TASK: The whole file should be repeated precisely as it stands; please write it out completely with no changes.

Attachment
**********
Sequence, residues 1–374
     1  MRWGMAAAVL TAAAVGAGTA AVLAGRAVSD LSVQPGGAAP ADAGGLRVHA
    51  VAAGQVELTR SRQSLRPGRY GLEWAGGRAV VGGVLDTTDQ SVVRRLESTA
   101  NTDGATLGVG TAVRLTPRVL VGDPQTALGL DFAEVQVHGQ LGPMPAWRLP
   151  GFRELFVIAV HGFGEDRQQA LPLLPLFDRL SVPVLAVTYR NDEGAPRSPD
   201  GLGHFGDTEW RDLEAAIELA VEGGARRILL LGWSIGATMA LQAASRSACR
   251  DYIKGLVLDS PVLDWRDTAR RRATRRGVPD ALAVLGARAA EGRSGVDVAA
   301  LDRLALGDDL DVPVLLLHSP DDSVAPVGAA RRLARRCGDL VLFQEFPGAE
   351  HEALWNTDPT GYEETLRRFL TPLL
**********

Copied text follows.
Sequence, residues 1–374
     1  MRWGMAAAVL TAAAVGAGTA AVLAGRAVSD LSVQPGGAAP ADAGGLRVHA
    51  VAAGQVELTR SRQSLRPGRY GLEWAGGRAV VGGVLDTTDQ SVVRRLESTA
   101  NTDGATLGVG TAVRLTPRVL VGDPQTALGL DFAEVQVHGQ LGPMPAWRLP
   151  GFRELFVIAV HGFGEDRQQA LPLLPLFDRL SVPVLAVTYR NDEGAPRSPD
   201  GLGHFGDTEW RDLEAAIELA VEGGARRILL LGWSIGATMA LQAASRSACR
   251  DYIKGLVLDS PVLDWRDTAR RRATRRGVPD ALAVLGARAA EGRSGVDVAA
   301  LDRLALGDDL DVPVLLLHSP DDSVAPVGAA RRLARRCGDL VLFQEFPGAE
   351  HEALWNTDPT GYEETLRRFL TPLL